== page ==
The forest effect: biosphere 87Sr/86Sr shifts due to changing land use and the implications for migration studies

Johnson, Lucie; Evans, Jane; Montgomery, Janet; Chenery, Carolyn. 2022 The forest effect: biosphere 87Sr/86Sr shifts due to changing land use and the implications for migration studies. Science of The Total Environment, 839, 156083.

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This study documents a transect of 87Sr/86Sr values from a variety of plant, soil and rock samples across the ancient woodland of the Sherwood Forest National Nature Reserve (SFNNR) and into adjoining farmland in Britain. All samples were collected from the Triassic Sherwood Sandstone Group. A shift of +0.0037 in 87Sr/86Sr values is observed between the average plant from the biosphere of the ancient forest and that of the farmland. This shift is caused by the leaf litter accumulation in the forest, through time, leading to soil acidity that leaches out the carbonate component of the soil. This results in the forest floor soil reflecting only the silicate minerals from the original Sandstone rock formation. We have named this process “the forest effect”. Rock samples from boreholes of the Sherwood Sandstone Group, as well as water samples from aquifers and mineral waters from previous studies, further indicate that the change in biosphere 87Sr/86Sr is a result of the wooded environment rather than the anthropological addition of lime to farmland. The extent of the forest effect will vary with differing lithologies with the most susceptible terrains being those with mixed carbonate-silicate composition, and it may be sufficient to impact the interpretation of animal and human 87Sr/86Sr in studies of mobility and migration. The model provides an opportunity to understand and assess food procurement strategies and animal management practices in the past, as well as the interaction of humans with their natural environment.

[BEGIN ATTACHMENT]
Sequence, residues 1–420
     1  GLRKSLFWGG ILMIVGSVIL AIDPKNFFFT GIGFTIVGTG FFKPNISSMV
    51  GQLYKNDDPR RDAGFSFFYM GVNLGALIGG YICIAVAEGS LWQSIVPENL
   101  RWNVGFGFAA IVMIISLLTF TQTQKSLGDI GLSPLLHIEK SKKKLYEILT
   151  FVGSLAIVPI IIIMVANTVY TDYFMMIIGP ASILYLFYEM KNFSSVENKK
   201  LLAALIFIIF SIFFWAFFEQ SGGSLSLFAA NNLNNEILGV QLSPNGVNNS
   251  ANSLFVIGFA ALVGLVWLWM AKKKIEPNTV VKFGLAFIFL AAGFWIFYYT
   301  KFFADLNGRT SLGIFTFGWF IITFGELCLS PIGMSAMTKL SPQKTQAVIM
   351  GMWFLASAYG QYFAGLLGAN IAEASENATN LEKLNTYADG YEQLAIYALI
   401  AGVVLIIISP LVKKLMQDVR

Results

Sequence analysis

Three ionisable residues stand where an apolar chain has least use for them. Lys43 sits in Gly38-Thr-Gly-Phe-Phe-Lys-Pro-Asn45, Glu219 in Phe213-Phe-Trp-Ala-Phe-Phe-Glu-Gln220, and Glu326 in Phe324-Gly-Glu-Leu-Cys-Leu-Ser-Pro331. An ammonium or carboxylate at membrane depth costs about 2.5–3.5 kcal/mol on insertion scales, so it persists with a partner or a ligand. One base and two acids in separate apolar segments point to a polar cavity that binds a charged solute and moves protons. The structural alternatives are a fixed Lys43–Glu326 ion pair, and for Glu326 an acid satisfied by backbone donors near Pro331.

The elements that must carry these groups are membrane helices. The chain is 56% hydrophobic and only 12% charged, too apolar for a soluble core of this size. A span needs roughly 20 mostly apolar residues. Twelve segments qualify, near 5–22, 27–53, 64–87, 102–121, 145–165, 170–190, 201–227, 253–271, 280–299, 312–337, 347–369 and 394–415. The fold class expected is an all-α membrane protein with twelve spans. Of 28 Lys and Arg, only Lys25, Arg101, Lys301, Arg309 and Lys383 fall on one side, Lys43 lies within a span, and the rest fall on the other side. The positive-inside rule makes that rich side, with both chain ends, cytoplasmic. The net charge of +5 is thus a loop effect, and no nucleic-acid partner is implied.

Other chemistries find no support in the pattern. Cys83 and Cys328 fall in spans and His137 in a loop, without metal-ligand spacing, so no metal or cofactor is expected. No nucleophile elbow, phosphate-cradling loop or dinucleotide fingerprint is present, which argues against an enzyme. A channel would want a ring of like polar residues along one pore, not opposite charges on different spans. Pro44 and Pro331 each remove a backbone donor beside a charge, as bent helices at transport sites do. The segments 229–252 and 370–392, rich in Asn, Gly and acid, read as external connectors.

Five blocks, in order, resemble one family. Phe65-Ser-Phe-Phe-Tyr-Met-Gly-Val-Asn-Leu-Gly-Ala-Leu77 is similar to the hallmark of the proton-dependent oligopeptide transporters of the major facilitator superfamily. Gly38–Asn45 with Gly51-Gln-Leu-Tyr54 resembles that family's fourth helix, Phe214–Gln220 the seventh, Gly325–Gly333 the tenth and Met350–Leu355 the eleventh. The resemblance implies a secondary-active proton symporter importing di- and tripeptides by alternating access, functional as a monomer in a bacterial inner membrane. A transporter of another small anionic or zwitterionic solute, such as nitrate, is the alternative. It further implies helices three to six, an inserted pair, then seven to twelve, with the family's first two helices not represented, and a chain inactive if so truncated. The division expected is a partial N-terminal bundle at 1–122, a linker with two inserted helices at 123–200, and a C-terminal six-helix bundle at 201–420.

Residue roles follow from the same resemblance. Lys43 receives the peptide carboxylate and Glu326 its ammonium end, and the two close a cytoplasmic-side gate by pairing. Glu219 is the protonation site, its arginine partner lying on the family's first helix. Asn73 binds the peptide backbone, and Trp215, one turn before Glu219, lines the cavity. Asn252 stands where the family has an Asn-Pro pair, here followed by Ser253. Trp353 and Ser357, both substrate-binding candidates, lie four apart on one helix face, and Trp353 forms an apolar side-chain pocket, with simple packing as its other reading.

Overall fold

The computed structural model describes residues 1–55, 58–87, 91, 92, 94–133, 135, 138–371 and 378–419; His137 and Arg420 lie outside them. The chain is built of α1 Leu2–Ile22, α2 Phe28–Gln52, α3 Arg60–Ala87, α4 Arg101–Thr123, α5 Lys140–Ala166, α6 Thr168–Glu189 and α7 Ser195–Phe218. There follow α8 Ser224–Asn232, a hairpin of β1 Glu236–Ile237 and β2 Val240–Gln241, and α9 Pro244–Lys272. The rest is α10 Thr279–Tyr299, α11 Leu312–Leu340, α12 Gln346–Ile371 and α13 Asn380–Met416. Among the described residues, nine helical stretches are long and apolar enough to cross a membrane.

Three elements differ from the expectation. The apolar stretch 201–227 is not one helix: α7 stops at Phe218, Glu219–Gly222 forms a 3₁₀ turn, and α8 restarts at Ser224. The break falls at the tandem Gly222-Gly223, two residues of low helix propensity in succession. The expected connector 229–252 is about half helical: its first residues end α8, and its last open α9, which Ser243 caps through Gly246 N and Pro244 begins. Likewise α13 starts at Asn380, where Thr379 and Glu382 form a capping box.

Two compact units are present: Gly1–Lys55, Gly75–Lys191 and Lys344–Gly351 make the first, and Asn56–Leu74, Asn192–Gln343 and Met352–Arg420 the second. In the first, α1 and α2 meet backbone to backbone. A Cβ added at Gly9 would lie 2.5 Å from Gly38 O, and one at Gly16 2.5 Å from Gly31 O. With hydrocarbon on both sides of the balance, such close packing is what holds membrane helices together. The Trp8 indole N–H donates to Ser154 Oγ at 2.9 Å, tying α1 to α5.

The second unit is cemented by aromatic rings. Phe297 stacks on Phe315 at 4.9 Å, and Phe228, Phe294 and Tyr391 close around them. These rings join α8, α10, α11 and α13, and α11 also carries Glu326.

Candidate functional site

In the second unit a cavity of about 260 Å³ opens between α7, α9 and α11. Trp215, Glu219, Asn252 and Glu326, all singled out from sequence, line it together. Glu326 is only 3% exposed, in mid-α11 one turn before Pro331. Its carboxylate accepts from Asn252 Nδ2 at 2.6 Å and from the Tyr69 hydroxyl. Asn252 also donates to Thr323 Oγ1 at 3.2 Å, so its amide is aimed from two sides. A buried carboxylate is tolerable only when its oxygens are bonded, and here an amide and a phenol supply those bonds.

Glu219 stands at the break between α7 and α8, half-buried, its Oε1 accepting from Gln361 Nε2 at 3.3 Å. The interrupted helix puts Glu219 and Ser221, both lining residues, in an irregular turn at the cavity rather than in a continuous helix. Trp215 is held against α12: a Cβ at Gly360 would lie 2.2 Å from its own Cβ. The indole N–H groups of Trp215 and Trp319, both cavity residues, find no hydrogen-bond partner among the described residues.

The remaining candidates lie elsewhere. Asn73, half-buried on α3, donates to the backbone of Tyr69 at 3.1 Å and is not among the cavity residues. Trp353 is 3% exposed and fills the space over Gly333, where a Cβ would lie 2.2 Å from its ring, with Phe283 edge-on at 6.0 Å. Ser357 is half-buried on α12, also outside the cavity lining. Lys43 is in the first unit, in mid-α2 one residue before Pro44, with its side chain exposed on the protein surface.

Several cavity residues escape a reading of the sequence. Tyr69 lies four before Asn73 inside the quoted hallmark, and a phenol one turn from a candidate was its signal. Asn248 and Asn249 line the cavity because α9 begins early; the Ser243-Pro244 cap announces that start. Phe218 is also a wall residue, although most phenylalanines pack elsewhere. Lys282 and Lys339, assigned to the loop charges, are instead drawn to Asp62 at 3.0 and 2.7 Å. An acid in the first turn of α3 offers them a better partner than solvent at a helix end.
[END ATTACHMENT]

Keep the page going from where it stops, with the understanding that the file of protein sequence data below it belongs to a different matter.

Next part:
Item Type: Publication - Article
Digital Object Identifier (DOI):
ISSN: 00489697
Date made live: 29 Jul 2022 13:09 +0 (UTC)

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